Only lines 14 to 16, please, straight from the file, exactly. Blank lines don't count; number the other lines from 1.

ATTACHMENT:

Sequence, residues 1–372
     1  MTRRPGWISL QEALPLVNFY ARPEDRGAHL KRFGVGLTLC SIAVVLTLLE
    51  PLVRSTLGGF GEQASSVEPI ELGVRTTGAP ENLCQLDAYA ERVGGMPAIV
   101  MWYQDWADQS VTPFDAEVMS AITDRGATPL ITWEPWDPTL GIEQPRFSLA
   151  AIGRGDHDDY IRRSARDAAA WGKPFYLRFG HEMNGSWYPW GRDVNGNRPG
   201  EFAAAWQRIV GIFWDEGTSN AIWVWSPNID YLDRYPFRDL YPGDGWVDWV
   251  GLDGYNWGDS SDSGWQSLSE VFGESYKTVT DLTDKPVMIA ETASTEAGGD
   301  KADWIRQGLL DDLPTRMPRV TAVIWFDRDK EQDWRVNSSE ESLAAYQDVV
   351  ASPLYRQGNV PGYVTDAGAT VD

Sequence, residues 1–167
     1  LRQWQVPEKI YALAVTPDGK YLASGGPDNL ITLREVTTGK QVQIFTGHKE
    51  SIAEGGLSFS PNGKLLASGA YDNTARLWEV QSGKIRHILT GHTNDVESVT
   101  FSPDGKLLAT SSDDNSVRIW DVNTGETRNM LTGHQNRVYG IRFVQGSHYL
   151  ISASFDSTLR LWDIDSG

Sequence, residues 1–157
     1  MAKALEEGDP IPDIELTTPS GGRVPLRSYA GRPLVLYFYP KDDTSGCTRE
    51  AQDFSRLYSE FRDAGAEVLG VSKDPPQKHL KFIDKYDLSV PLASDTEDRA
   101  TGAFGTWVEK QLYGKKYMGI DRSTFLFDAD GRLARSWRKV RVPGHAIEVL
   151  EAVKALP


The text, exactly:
   151  ISASFDSTLR LWDIDSG

Sequence, residues 1–157
     1  MAKALEEGDP IPDIELTTPS GGRVPLRSYA GRPLVLYFYP KDDTSGCTRE